Nano, Nano for Where Art Thou Nano.

Thursday 28th November 2013

Third time Lucky ??????

My third Nanowrimo attempt, and am I successful or am I kidding myself?

2013 Winner

I have met up with some great people due to Nanowrimo, and supported each other. Especially the Campnano projects because they have a slightly different system. It is this that is all part of the writing enjoyment, coupled with the feeling one is not on their own.

I wonder why I actually do this, because at the end of the day the story will remain on my hard drive saved in a special file titled Nanowrimo. People have sent me their good wishes and congratulations, then ask about my  editing or publishing. But I have no idea, not even sure about the next process or who to do it with. Createspace is just one.  I do enjoy inventing stories, in fact I would say that my story lines and characters and the events that I include are very good and original. I also do all my own research, I do not rely on others to supply info or use as Muses, I can say all my lines come from my own head. However sometimes I wish I did have some one to assist when the mind goes blank.

 My failure is the quality of my writing, I have never been trained etc, apart from a little experience and reading and learning from some of you fabulous writers there is not much else.  I wrote a lot of poetry, [small booklet of 45 poems was published in 1998] in my younger and youthful days, as well as lyrics, of which some were used in songs but many are still sitting in my rather old and tatty song book. All hand written with mistakes and amendments, crossed out lines or words, comments in the margins, we all know about these precious books. 

Self publish, or a publisher, edit the stories, but surely the quality and standard of the words and grammar and proper English, [LOL] are what matters, not the limited descriptions. In my head I can see the scene or the character, but trying to describe it for the reader does not always work, if it does at all. I am not complaining just making a point, this point I believe is the feeling of many others.

My Stories/Novels.

I have written ‘Knight of the Oak’ subtitled ‘King of the Wood’ unfinished and currently on 65,000 words, ‘Birth of the Wizard Prince‘ also unfinished currently 55,000 words. ‘Our Dream‘ subtitled ‘Two Hearts.‘ this was finished,currently 62,000 words. Possibly might delete. The End. And my most recent 2013 challenge ‘The Parchment‘  was completed and on 63,000 words but do have ideas to add to it, a later project. My reason for mentioning this is because I cannot finish projects. The ones that are finished were easily done and fluent in the story lines, but the ones that are unfinished turned into a longer and deeper story.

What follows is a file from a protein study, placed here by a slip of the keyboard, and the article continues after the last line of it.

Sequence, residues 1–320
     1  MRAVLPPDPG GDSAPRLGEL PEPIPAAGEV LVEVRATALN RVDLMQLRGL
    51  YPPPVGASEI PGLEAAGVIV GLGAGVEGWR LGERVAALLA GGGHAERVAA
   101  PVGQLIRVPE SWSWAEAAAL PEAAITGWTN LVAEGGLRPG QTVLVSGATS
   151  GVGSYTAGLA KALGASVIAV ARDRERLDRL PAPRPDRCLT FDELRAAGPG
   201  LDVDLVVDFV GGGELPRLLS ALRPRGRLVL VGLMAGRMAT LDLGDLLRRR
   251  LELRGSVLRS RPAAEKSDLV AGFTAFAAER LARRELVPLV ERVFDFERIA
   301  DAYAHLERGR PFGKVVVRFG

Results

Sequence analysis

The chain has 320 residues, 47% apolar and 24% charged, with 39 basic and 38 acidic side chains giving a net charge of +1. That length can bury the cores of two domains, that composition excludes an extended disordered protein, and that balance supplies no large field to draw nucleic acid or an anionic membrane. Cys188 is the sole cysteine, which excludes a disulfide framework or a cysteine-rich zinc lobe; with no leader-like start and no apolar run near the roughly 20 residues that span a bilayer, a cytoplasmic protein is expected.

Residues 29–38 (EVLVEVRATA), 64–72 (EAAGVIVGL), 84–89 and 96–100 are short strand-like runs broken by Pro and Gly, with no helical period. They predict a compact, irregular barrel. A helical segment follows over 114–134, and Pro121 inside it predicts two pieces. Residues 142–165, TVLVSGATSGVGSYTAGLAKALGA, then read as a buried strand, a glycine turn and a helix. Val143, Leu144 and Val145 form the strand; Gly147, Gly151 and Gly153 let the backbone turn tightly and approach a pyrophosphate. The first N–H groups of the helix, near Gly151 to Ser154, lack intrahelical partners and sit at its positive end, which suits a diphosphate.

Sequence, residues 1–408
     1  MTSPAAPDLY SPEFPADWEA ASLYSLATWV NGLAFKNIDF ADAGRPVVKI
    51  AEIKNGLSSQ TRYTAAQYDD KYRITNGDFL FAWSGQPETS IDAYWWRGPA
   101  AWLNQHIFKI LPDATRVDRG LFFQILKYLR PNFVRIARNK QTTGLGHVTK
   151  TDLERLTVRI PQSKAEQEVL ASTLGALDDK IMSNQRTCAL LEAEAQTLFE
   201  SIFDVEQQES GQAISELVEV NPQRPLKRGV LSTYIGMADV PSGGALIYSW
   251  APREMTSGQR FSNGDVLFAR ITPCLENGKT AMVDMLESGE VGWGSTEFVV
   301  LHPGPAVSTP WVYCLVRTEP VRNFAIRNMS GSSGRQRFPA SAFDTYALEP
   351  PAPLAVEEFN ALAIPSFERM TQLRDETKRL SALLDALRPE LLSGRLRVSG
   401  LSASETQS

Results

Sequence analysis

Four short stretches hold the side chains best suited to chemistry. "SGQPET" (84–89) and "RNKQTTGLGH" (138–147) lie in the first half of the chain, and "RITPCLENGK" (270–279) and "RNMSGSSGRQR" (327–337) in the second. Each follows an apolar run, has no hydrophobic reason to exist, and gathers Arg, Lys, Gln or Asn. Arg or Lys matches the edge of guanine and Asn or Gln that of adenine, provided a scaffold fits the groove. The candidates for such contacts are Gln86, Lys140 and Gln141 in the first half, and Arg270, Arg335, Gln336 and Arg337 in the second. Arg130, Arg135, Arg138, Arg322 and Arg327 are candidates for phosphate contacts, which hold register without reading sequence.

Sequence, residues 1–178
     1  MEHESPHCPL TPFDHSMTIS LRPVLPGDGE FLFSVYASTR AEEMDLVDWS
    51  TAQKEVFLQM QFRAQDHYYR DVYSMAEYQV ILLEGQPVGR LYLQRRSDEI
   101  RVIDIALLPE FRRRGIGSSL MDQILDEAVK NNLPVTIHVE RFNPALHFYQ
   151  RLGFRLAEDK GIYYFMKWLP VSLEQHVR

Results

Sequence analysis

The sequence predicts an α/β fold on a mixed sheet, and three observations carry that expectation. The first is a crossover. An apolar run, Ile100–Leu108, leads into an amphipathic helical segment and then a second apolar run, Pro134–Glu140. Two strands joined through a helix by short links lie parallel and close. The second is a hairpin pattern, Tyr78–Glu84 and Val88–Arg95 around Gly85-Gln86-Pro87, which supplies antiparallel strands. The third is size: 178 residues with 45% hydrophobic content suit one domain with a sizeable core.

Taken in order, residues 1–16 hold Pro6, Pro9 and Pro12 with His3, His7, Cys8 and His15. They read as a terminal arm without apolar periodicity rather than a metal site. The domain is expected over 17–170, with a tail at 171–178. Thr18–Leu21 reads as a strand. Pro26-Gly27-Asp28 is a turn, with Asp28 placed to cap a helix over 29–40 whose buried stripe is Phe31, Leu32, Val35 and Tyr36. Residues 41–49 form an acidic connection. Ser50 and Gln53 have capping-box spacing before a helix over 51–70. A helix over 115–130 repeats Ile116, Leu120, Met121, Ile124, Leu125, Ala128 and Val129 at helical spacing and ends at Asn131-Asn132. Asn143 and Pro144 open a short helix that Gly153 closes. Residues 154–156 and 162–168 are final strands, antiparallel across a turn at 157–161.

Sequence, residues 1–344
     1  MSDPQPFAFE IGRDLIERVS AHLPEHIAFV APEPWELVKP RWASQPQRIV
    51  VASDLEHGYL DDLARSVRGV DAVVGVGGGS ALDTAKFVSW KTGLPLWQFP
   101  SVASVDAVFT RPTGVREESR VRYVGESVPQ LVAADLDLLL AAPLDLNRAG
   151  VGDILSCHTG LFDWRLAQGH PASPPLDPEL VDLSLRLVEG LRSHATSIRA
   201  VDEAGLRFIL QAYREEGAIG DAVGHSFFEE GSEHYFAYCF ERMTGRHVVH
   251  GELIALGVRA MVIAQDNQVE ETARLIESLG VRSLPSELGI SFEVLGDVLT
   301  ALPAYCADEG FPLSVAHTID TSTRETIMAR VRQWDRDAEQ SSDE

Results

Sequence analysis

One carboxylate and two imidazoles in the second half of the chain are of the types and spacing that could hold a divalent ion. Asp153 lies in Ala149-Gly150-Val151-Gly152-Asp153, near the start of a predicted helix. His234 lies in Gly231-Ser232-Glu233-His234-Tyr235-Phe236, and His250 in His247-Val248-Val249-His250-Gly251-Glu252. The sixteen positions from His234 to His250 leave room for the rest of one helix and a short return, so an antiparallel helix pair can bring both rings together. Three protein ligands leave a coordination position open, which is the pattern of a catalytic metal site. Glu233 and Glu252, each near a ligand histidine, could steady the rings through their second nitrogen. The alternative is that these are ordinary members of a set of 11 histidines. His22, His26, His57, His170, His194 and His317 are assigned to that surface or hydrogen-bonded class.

Of course I am not including the short story and poetry projects I have done. The participation in a couple of writing web sites, these keep my imagination alert.

I could praise other writers or poets and say good things and how some maybe an inspiration to me, but in truth why should I, do I see my name being praised by them. I have many writers that I take inspiration from but I do not need to or even want to name drop, but then again maybe I should and people will think I am well in with the right circles. In truth this would be so full of bul…t. I listen and learn from people in my blogging world.

What’eth should thou do’eth with all thy words?  [Don’t answer that I know]


Christmas story best Don’t forget to look out for the December challenge and Christmas love story Coming soon, book your seat now. I do hope that you enjoy and support the light-hearted feel good story.





23 thoughts on “Nano, Nano for Where Art Thou Nano.

  1. “My failure is the quality of my writing” This statement is just all wrong. Who are you to judge the quality of your writing? I would not expect the NANO process to produce top quality writing as each chapter will have to be edited. So edit one chapter, email me and I will give you an editor (great rates) – then you may see the quality.
    CONGRATULATIONS – I have not been able thus far but I won’t count out next year!

  2. Congrats on producing the goods again!
    Editing is always the bugbear. The most skilled writers still have all sorts of things a good editor will pick up, even after they think it is perfect. One develops a blindness towards some of the obvious things which are missed by spell checkers, such as ‘to’ for ‘too’, and places where the punctuation goes wrong.